Each day, Clio connects thousands of people to nearby culture and history. Our website and mobile app are free for everyone and designed to make it easy to discover cultural and historical sites throughout the United States. You can search for nearby sites, take a walking tour, create your own itinerary, or simply go for a walk or drive and let Clio show you nearby sites using our mobile app. Clio is non-profit and free for everyone thanks to the support of people like you. Donations are tax- deductible! Click here to learn more!
Velvet Cream-The Dip
Restaurant founder Lee Lauderdale opened the business in what was once a cotton field on his home property. Lauderdale sold hamburgers, vanilla ice cream, and bottled root beer and Cokes out of the 400-square foot building. He hired his family members as well as local school-aged kids to help out. Today, the place remains a “walk-up” fast food restaurant as it originally was during the post World War II era.
According to the Velvet Cream’s official website, “In 1962, Tom B. Flinn, Sr. bought the Velvet Cream lot and began to expand its offerings.” For example, thanks to the purchase of a new ice cream machine, the restaurant was able to offer not just vanilla ice cream, but chocolate and mixed as well, “[f]or its day, three options for ice cream flavors was a luxury!”
Eventually, the restaurant added chocolate, strawberry, and pineapple sundaes, vanilla, chocolate, strawberry, and pineapple milkshakes, and onion rings, a fast food item that gained much popularity in the late 60s, to the menu.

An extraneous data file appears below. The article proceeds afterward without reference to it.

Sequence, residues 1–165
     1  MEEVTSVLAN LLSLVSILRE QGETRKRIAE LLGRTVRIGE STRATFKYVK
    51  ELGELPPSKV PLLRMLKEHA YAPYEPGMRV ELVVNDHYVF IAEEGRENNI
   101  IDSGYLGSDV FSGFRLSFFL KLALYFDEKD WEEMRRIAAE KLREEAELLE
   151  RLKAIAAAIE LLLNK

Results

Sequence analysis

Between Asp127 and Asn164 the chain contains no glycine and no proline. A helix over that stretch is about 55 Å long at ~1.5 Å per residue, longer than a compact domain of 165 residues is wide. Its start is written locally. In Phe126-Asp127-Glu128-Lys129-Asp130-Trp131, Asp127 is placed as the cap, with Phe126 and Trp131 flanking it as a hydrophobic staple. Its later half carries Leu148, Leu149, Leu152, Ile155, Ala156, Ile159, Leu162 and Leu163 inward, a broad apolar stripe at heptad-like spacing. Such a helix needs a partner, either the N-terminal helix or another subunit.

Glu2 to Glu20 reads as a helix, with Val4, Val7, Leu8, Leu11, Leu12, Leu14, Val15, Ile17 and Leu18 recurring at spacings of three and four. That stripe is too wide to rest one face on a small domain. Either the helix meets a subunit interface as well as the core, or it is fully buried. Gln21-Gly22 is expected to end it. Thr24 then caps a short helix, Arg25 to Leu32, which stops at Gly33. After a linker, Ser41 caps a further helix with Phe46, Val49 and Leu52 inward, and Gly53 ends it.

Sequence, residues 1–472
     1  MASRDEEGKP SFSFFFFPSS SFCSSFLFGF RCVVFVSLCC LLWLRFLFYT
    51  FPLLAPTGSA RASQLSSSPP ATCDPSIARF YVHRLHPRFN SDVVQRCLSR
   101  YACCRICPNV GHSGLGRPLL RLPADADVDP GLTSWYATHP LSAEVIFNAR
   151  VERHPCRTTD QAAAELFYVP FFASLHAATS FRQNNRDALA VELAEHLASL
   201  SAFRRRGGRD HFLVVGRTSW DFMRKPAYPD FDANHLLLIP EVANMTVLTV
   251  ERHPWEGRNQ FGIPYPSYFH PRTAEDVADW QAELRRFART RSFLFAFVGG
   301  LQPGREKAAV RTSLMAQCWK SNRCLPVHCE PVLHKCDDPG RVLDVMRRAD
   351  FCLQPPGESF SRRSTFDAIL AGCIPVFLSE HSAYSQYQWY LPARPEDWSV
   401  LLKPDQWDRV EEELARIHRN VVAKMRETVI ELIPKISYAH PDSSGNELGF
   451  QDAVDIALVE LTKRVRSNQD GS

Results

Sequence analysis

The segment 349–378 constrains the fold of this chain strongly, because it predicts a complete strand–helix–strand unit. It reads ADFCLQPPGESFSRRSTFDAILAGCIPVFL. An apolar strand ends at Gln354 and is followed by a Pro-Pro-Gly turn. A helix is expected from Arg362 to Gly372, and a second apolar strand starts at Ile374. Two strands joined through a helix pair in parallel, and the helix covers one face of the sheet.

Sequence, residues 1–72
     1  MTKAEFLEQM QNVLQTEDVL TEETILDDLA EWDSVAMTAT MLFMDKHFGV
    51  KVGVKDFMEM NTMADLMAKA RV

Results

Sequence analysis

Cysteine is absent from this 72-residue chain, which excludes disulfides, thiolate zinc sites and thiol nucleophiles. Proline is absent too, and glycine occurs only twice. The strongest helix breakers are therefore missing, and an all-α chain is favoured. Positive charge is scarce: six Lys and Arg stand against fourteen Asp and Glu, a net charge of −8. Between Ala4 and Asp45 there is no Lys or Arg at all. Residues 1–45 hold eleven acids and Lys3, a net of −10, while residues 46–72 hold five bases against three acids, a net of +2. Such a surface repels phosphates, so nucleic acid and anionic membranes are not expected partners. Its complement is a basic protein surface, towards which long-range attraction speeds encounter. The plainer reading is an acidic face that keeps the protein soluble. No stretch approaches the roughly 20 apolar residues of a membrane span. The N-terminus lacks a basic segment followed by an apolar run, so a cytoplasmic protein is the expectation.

The concept of a drive thru was invented in 1975, and one was added at The Dip in November 1977, making it the first restaurant in the Mid-south to have one, even before McDonald's. According to the restaurant’s website, “When the Drive Thru first opened, employees frequently had to go outside and explain how to place an order. The patrons of the day were used to Drive-up service, but Drive-Thru service was new altogether. To handle the increased traffic, the Building was enlarged to 700 square feet with a Drive-Thru wing and a back room for storage.”
Due to the expansion of the town and the opening of several competing fast food restaurants, the future of the once lone restaurant in town was questionable. The restaurant’s survival strategy focused on the menu; in the 1980s the restaurant extensively expanded the food item offerings. “Velvet Cream became the place where one could buy anything they could ever think of getting at a fast food place.”
Sources"Our History." The Dip. Accessed June 14, 2015. http://dipmenu.com/history.
Hernando, Mississippi 38632
This entry has been viewed 343 times within the past year